Queen Elizabeth’s legacy of wisdom, humility, and leadership

Queen Elizabeth II at Windsor Castle

Courtesy/ Getty Images

Queen Elizabeth II at Windsor Castle

Matthew Murphy, Crier Staff

Queen Elizabeth II appeared on the cover of Time magazine in 1929 at three years old. Nobody could’ve envisioned she would become the world longest reigning female monarch, or even Queen, for that matter. At her birth, she was third in line for the throne after her uncle Edward VIII and her father George VI. Edward didn’t have any children but was expected to, and they would have pushed Elizabeth further down the line of succession. In 1936 Edward announced that he would abdicate the throne to marry twice-divorced American Wallis Simpson. At the time, the Church of England (of which the monarch is the Supreme Governor) prohibited divorced people from remarrying if their spouse was still alive. After Edward became the first British monarch to voluntarily abdicate the throne, Elizabeth’s father, George VI, became King. Fifteen years later, she would become Queen.

Queen Elizabeth II had the opportunity to wield enormous power throughout her reign. Yet, she chose not to, instead allowing much of it to be stripped away entirely. A notable example is that prior to 2011, the monarch could dissolve parliament and call for new elections whenever they wished. These early elections were granted using the Queen’s royal prerogative at the request of the Prime Minister. In 2011 the Fixed-Term Parliaments Act stated that parliamentary elections would be held five years after the most recent general elections and removed the monarch’s royal prerogative to call them. The FTPA passed both houses of parliament, and like all bills, it needed to be approved via the Queen’s ‘royal assent’ before becoming law. It is worth noting that Queen Elizabeth had never refused to grant royal assent, as to do so would be to go against the wishes of her people.

The Queen was served by 15 prime ministers, beginning with Winston Churchill and later the first three women to hold the office, including Liz Truss, who, after winning her party’s election, was appointed by the Queen on September 6.

Despite being the most traveled head of state and instantly recognizable, appearing on 300 billion stamps and all currency in dozens of countries, she was never interested in fame. She stayed true to herself and her words on the radio on her 21st birthday: “I declare before you all that my whole life, whether it be long or short, shall be devoted to your service, and the service of our great imperial family to which we all belong.”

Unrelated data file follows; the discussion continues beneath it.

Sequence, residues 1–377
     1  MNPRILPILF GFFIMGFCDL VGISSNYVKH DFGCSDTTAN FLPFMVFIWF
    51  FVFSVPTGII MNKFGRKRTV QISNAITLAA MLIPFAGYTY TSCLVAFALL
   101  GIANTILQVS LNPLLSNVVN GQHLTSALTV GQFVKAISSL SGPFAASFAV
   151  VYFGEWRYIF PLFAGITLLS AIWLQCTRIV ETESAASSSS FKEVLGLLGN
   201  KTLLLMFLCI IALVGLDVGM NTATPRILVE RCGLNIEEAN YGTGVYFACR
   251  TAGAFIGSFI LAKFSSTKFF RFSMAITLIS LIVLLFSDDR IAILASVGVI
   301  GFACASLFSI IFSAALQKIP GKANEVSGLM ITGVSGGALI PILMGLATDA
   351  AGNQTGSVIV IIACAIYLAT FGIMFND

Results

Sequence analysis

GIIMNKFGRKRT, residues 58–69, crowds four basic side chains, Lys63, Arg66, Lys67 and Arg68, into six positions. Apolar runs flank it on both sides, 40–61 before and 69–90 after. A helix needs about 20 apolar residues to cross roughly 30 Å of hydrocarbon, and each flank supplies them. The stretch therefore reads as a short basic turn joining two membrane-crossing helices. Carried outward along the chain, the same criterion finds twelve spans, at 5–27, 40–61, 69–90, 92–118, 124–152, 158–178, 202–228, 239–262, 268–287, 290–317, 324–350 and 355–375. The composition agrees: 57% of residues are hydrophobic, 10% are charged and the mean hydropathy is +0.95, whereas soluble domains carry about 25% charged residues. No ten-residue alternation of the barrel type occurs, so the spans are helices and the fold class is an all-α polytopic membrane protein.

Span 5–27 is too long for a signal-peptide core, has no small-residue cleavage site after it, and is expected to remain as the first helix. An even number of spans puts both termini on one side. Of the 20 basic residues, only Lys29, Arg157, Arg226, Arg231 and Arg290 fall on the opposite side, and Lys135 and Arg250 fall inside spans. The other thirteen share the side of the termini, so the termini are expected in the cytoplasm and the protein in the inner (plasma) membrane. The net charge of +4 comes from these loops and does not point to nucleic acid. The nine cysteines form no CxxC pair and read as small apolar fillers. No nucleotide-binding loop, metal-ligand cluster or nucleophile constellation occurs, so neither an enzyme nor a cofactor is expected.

As word of the Queen’s passing spread around the world, hundreds of millions mourned her. However, some saw her death as a cause for celebration; some felt that her legacy was not of generosity and peace but of cruelty and oppression stemming from the British Empire colonizing nearly 1/4th of Earth’s land area. President of the Saint Anselm College International Relations club Patrick Marcoux noted that the Queen “oversaw nothing but decolonization.” This is unequivocally true as nearly 50 former British colonies became independent during her reign. Marcoux  argued that those who wish “to hold her responsible for controversial actions that happened before (or during) her reign by a duly elected body are ignorant of the fundamental tenets of the British constitutional monarchy.”

Queen Elizabeth II was lying-in-state at Westminster hall until Sunday, September 18. The week prior, people from all over the world had gotten in a miles-long queue to pay their respects. Some people reportedly waited as long as 30 hours before being able to enter the nearly 1,000-year-old building. On Monday, September 19, a funeral service was held, and she was laid to rest at King George VI Memorial Chapel alongside her late husband, Prince Phillip.

Her eldest son Charles III had been heir apparent since age three, and at 73, he is the oldest person to assume the throne. His coronation ceremony isn’t likely to take place until 2023. Factors such as his low popularity compared to his mother (or his son and heir apparent, Prince William), his old age (and potential brief reign), and personal preference make it likely that it will not be nearly the celebration Elizabeth had when she was 25. Additionally, debates over whether Charles should immediately abdicate upon ascension to the throne have been going on for years.

 When asked, many Saint Anselm students felt that it would not be in the best interest of the monarchy for King Charles to reign until his death. Mac Connors, a noted monarchist and Senator serving the class of 2025, disagreed, pointing out that expecting Charles to abdicate due to his age and lower popularity than William “would set a bad precedent.” Some, even including those in the UK and the rest of the Commonwealth, question the relevance of the British monarchy as a whole, but everyone interviewed for this piece expects the monarchy to continue well into the future.